Wiser Wealth Management, Inc (“Wiser Wealth”) is a registered investment adviser with the U.S. Securities and Exchange Commission (SEC). As a registered investment adviser, Wiser Wealth and its employees are subject to various rules, filings, and requirements. You can visit the SEC’s website here to obtain further information on our firm or investment adviser’s registration.

Wiser Wealth’s website provides general information regarding our business along with access to additional investment related information, various financial calculators, and external / third party links. Material presented on this website is believed to be from reliable sources and is meant for informational purposes only. Wiser Wealth does not endorse or accept responsibility for the content of any third-party website and is not affiliated with any third-party website or social media page. Wiser Wealth does not expressly or implicitly adopt or endorse any of the expressions, opinions or content posted by third party websites or on social media pages. While Wiser Wealth uses reasonable efforts to obtain information from sources it believes to be reliable, we make no representation that the information or opinions contained in our publications are accurate, reliable, or complete.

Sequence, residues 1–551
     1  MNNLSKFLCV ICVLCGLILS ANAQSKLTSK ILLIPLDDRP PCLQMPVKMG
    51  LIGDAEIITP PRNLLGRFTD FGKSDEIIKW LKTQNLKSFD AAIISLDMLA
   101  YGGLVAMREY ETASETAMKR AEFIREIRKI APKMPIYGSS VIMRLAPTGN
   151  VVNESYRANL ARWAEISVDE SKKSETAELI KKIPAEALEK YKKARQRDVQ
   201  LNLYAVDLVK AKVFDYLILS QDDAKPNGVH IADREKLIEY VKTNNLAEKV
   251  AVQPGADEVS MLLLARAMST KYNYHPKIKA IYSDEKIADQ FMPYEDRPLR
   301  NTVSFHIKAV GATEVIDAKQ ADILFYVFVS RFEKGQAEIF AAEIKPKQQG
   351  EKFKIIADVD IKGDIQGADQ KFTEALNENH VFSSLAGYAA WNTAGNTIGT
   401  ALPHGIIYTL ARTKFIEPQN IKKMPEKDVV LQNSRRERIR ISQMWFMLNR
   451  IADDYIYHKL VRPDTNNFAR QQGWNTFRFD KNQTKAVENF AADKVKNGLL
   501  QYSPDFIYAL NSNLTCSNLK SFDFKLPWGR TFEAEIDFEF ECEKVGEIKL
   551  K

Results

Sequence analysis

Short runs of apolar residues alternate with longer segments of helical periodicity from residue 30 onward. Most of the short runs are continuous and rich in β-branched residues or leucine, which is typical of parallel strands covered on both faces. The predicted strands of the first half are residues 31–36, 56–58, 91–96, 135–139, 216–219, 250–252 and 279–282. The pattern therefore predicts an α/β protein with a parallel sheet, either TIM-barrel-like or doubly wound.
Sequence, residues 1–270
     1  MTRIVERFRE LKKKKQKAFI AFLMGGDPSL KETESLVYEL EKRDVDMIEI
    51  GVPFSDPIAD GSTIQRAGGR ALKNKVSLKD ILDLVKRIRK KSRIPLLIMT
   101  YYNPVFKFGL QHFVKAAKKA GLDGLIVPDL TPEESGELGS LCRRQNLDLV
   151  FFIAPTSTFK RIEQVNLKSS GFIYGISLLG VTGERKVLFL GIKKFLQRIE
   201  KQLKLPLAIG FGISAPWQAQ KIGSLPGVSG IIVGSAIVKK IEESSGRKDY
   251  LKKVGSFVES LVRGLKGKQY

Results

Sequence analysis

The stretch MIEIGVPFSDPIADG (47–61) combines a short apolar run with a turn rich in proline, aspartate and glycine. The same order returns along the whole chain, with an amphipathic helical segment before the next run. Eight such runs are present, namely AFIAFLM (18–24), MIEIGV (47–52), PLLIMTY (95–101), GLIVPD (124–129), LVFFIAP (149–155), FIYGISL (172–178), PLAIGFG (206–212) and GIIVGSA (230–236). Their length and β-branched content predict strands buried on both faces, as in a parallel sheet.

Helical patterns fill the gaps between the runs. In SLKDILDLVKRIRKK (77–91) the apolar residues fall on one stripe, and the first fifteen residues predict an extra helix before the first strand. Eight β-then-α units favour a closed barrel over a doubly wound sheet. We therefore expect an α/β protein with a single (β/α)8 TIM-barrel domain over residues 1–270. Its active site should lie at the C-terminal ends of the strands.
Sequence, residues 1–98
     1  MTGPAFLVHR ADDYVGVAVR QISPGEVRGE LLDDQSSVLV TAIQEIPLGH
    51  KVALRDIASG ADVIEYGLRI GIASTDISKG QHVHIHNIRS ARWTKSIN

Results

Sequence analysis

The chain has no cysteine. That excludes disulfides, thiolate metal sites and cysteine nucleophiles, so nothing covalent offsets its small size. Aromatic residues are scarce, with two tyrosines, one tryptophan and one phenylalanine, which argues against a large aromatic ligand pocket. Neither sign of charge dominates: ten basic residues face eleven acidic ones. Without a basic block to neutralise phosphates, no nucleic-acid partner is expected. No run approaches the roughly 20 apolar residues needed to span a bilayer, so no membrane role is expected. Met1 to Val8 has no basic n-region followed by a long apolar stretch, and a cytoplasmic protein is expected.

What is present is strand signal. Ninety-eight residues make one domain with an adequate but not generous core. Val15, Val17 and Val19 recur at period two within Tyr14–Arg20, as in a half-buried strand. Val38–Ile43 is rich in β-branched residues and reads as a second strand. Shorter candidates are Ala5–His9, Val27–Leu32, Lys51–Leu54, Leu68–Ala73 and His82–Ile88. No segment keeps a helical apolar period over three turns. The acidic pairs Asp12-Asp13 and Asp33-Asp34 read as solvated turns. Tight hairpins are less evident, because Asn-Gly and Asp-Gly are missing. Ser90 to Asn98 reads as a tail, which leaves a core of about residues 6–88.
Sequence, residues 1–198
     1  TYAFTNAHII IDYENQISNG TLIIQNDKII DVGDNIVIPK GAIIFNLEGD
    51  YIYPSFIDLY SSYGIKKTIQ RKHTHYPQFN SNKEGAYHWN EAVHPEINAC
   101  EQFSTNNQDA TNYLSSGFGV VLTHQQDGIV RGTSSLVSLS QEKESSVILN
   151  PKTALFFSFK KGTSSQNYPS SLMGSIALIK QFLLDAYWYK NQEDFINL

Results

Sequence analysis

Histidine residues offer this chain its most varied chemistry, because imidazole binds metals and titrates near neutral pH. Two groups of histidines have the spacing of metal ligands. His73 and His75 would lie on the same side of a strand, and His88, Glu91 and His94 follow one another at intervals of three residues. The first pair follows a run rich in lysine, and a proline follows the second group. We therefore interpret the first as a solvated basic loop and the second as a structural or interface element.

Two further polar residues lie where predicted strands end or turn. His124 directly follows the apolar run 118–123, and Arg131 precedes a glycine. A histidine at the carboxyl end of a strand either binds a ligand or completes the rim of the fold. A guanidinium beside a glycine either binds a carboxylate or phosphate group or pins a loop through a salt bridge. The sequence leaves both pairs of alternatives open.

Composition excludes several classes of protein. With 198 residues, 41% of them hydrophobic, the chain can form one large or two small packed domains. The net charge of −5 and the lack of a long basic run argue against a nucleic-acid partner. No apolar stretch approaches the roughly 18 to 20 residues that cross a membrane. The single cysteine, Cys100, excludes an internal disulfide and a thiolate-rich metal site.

To the extent that you utilize any financial calculators or links in our website, you acknowledge and understand that the information provided to you should not be construed as personal investment advice from Wiser Wealth or any of its investment professionals. Advice provided by Wiser Wealth is given only within the context of our contractual agreement with the client. Wiser Wealth does not offer legal, accounting or tax advice. Consult your own attorney, accountant, and other professionals for these services.

Sign up for our newsletter!

Our latest blogs, podcasts, and educational videos delivered to your inbox weekly.